Vietnam to End Stimulus Program
The Vietnamese government said it will end a key economic-stimulus program earlier than expected as it moves to counter signs that parts of its economy may be starting to overheat.
The stimulus program -- which provided subsidized loans to borrowers to inject billions of dollars of cash into the economy -- is credited with helping Vietnam maintain far stronger growth than most other countries this year despite the worst global recession in decades. Some officials and business leaders wanted the program to continue until March, and possibly much longer.
But the loan subsidies have come under fire recently from analysts who fear they could be flooding Vietnam with too much capital. The Vietnamese government now plans to terminate the loan-subsidy program for short-term business loans by the end of this year, it said on its Web site Wednesday, after bank credit expanded 36% in the first 11 months of the year -- exceeding a full-year target of 30%. A smaller program for medium- and long-term loans will remain in place for now.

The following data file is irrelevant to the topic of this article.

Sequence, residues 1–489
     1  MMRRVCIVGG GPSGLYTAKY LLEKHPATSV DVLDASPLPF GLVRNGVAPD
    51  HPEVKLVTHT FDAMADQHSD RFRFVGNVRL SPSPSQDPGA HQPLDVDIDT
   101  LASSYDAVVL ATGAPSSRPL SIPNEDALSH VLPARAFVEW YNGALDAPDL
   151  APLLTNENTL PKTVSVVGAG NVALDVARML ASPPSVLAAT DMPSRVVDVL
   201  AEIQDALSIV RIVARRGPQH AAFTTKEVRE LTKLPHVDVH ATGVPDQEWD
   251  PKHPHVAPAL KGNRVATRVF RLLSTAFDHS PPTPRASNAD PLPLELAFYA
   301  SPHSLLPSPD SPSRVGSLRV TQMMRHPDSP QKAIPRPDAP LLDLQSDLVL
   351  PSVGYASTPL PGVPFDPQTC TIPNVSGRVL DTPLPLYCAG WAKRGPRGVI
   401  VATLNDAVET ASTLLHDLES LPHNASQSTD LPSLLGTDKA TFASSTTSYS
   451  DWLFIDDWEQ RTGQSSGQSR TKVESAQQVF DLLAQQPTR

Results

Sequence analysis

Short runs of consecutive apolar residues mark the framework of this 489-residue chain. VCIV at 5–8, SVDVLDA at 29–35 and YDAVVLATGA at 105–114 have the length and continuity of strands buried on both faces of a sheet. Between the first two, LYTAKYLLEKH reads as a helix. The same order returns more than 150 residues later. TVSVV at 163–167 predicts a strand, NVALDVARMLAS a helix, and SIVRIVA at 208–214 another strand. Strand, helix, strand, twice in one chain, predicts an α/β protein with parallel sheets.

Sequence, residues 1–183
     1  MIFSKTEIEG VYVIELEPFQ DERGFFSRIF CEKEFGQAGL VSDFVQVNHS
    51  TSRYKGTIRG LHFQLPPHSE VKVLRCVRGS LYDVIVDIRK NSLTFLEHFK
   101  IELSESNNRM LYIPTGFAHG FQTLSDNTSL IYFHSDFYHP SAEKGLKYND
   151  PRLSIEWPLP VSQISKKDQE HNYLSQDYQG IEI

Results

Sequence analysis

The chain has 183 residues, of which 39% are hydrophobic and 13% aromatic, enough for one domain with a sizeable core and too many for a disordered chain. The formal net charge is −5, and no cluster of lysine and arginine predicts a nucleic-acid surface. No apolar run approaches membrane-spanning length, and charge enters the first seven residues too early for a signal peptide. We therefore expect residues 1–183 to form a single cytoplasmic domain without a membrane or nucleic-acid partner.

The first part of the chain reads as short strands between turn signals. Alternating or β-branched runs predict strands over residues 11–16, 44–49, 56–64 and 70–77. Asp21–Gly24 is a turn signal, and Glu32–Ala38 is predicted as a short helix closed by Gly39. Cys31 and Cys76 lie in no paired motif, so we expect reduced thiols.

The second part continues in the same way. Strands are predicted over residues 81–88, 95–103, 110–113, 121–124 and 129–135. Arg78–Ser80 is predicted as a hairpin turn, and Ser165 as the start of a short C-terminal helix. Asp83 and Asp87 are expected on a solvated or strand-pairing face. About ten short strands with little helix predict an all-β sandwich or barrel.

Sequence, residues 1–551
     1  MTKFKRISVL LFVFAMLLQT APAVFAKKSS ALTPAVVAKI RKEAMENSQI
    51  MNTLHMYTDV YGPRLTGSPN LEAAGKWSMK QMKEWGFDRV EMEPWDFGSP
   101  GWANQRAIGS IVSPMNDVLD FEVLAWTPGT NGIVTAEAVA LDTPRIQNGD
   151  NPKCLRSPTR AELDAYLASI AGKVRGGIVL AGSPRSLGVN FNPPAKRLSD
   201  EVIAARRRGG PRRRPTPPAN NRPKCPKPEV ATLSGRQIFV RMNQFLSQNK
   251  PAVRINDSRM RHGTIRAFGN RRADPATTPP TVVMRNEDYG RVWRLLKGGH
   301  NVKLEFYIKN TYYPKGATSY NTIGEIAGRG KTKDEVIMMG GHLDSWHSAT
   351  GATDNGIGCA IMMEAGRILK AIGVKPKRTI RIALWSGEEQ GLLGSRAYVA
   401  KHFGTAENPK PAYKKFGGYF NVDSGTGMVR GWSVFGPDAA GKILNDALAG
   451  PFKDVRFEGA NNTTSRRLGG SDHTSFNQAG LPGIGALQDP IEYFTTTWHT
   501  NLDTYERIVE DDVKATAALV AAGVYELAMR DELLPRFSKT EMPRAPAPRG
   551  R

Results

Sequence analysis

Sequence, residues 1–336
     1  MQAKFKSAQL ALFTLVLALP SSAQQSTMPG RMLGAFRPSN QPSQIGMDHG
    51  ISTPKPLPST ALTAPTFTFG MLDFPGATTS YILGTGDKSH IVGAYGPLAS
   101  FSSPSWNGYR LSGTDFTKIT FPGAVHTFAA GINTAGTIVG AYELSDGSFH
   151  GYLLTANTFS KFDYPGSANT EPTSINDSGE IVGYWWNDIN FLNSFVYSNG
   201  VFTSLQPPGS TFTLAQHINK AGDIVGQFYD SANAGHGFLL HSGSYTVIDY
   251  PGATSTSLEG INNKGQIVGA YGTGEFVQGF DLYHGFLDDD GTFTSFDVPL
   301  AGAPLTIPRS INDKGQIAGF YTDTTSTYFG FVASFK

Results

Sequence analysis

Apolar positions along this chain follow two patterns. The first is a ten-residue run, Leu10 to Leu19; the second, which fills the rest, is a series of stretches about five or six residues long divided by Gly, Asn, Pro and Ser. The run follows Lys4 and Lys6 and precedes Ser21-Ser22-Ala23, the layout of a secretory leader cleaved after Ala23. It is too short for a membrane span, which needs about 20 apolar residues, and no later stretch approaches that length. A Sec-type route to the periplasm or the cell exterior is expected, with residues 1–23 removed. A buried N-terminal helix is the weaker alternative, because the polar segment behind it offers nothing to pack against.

The announcement came less than a week after Vietnam devalued its currency, the dong, by about 5% and raised interest rates a full percentage point in a bid to ease other speculative pressures weighing on the economy.
Although Vietnam's gross domestic product is forecast to rise 5.5% this year, compared with 6.2% in 2008, it continues to grapple with imbalances left from 2008, when the country was a hotspot for international investors. Inflation got out of control, peaking at 28% in August 2008.
Vietnam's economy has stabilized since then, but many of the underlying problems remain. Vietnam is one of the few Asian countries with both a fiscal budget deficit and a current-account deficit, and inflation, while much lower than in 2008, has started to tick up again. HSBC has predicted that inflation could again reach double-digit levels by the middle of next year. Property prices have continued to rise.
Some analysts feared the loan-subsidy program was exacerbating those problems, with stimulus money leaking into real estate. By offsetting the cost of four percentage points of interest on any loans by Vietnamese banks to the business sector, the program encouraged financial institutions to lend aggressively at a time when credit in other countries was drying up.
Vu Trong Khanh / Patrick Barta